The fate of the proposed Narrow Water bridge now rests in the hands of Newry and Armagh MLA Danny Kennedy.
Mr Kennedy, the Executive’s Regional Development Minister, now has the final say on the bridge following Finance Minister Sammy Wilson’s decision to release the last tranche of funding the project needed.
For months it looked as if the project could come tumbling down as Minister Wilson complained of the bridge having a ‘political smell,’ but with all funding now in place construction work could begin as early as August.
Still, as part of the conditions for the money being released Minister Wilson has stipulated that any overruns and maintenance costs will have to be covered by Louth County Council while Newry and Mourne Council will cover operational costs. As the bridge will have an impact on navigation rights on Newry River it now falls to Minister Kennedy to give it the green light.
South Down MLA Caitriona Ruane has called on Mr Kennedy to approve the project as soon as possible.
“I call on Danny Kennedy to release the bridge order as soon as possible so that we can help revitalise the construction sector, which is suffering from the recession,’ she said.
“The bridge will open up the entire south Down and north Louth region for inward investment and tourism as well as cutting travel times in commuting to and from the area.’
A public consultation that is out on the bridge ends today and Minister Kennedy said he will not be making any decision on the project until any objections it raises have been examined.
Once the consultation has been considered he will either sign the bridge order or initiate a public inquiry.
Meanwhile, however, news that funding for the bridge has been released has been welcomed.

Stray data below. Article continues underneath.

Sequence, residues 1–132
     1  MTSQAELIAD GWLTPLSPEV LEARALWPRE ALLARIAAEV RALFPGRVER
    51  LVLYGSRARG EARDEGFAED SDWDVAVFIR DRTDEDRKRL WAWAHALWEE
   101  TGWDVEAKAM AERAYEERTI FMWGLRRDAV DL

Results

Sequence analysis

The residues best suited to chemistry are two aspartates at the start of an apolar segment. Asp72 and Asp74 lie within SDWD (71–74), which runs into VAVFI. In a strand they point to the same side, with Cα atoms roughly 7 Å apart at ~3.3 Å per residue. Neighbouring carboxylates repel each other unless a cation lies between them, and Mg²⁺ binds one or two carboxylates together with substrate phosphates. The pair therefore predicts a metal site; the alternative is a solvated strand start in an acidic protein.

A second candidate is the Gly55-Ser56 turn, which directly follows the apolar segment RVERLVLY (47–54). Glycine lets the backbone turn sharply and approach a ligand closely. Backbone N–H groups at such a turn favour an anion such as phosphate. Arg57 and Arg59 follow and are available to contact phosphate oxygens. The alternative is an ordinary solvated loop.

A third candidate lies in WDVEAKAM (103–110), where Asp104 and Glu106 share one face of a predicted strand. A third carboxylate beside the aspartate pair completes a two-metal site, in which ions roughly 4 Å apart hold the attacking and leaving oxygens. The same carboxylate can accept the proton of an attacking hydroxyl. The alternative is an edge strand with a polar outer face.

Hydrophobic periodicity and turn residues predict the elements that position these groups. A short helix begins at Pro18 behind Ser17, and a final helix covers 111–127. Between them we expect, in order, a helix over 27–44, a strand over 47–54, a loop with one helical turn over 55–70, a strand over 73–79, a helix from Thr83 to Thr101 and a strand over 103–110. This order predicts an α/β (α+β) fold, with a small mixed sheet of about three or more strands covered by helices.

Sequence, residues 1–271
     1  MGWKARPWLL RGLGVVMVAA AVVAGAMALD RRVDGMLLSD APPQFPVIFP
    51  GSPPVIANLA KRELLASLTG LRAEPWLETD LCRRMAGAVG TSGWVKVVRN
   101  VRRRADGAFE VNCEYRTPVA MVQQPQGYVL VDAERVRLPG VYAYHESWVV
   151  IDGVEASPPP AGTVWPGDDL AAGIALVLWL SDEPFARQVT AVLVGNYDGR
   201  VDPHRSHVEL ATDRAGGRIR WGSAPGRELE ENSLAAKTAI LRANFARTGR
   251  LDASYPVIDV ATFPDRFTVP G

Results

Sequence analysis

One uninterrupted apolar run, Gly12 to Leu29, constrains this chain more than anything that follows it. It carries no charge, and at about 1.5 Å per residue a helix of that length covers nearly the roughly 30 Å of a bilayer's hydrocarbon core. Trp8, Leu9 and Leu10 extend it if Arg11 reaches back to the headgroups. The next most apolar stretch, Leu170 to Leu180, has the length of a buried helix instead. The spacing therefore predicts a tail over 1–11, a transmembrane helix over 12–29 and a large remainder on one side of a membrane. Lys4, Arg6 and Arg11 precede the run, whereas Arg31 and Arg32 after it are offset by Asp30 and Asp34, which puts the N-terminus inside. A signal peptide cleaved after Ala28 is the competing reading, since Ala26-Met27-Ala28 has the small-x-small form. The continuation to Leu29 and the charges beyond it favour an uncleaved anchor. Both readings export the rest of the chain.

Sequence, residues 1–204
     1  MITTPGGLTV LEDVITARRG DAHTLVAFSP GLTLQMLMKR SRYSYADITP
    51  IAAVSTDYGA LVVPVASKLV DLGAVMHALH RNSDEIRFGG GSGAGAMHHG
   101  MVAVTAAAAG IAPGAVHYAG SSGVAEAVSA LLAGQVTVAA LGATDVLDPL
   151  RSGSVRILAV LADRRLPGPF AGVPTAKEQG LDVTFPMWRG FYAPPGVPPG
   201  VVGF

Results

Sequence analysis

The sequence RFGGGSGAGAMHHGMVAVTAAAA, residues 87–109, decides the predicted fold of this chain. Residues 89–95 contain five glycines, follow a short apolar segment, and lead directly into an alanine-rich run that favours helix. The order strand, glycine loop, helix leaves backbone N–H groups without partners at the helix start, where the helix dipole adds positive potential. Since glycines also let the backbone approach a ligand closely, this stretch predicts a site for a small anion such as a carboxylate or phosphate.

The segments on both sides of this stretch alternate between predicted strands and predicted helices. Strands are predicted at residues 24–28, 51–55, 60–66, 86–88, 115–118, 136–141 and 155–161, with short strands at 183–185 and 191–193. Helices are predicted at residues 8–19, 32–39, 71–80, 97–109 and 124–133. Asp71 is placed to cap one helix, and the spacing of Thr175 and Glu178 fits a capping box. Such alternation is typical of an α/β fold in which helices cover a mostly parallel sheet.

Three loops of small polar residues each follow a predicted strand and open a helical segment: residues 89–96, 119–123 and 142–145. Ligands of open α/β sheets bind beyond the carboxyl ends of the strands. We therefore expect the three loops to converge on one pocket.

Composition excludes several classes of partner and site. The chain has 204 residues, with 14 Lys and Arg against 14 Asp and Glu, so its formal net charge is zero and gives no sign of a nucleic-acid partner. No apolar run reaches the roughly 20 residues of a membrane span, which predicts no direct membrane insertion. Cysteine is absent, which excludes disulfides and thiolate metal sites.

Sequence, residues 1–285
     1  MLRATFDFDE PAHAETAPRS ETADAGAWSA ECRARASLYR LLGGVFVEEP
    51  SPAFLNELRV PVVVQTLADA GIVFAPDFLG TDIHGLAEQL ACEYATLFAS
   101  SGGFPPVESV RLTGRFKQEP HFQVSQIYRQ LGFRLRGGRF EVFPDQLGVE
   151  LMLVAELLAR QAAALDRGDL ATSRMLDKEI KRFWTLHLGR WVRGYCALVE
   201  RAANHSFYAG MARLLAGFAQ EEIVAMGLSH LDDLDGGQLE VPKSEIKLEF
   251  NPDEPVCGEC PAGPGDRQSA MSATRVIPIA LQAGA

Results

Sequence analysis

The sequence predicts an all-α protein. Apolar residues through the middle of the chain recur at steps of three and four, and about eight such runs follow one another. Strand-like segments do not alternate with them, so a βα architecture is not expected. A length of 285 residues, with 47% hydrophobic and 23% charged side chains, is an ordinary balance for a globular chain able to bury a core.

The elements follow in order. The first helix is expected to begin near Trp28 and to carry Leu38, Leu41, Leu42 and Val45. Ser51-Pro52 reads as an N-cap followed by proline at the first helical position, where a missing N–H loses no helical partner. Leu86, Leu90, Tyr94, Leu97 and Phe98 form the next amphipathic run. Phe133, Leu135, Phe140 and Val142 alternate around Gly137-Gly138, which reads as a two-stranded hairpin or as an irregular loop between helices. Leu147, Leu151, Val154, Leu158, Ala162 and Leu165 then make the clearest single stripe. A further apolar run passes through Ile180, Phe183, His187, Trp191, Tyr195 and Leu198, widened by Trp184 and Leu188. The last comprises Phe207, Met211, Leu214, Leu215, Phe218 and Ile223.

Mayor of Newry and Mourne John McArdle said the construction of the bridge would mark an historic event in the history of Ireland.
‘The Narrow Water Bridge will symbolise decades of cross border cooperation between the communities of Newry and Mourne and Louth and will copper fasten links established in the Memorandum of Understanding,’ he said.
“The bridge will also bring significant social and economic benefits to the region and indeed, to the island of Ireland.
“As well as construction jobs in the short term, the bridge will boost the local tourism industry and will build upon recent investments in the region including the mountain bike trails at Kilbroney and the Slieve Gullion Adventure Play Park in south Armagh.’
Councillor Gerald Mallon, Chairman of the East Border Region, a lead partner in the bridge project, echoed Mr McArdle’s sentiments.
“The Narrow Water Bridge is a genuinely symbolic cross border project and will provide a catalyst for economic development and tourism within the region,’ he said.
“Now that funding has been secured work on the development of the bridge will begin immediately and will be completed by June 2015.’
Michael Curran, Director of Services with Economic and Cross Border Development at Louth Local Authorities said the project was 40 years in the making.
“After around 40 years in discussion and five years of investing both time and money in the planning and funding bid process, it is absolutely fantastic that the Narrow Water Bridge has moved a huge step closer,’ he said.
“As we celebrate today’s announcement, I look forward to the development of the bridge and to the day it will become one of Ireland’s most iconic monuments to improved community and cross-border relations.’
South Down MLA Sean Rodgers welcomed the funding as the ‘final piece of the jigsaw’.
“This funding represents the final piece of the jigsaw in delivering this tremendous project,’ the SDLP representative said.
“The economic benefits of the Narrow Water bridge will greatly enhance how we do business across the island of Ireland.
“Delivery of the project, which has been eagerly awaited, is good news for those who want to see a healthy economy and boost to the tourism sector.’
4th June 2013